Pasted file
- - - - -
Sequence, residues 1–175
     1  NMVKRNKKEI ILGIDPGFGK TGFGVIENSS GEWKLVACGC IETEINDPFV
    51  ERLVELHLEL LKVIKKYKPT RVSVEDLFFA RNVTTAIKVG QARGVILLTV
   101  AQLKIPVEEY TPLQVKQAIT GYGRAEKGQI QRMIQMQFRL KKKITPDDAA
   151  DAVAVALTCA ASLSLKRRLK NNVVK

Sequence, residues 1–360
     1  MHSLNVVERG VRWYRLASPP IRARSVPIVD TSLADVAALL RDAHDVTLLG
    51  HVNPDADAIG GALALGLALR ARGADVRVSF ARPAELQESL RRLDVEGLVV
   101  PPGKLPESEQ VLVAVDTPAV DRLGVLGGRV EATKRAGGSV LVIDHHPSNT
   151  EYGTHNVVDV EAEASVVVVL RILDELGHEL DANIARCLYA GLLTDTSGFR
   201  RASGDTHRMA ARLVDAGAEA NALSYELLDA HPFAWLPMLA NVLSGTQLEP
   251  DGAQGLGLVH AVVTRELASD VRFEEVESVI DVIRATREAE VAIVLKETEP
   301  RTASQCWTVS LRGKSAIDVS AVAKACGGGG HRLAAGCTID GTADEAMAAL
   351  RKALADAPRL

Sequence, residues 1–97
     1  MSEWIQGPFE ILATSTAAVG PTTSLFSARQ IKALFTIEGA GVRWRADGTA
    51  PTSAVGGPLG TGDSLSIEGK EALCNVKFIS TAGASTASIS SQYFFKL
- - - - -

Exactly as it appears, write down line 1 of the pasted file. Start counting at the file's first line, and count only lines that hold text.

Sequence, residues 1–175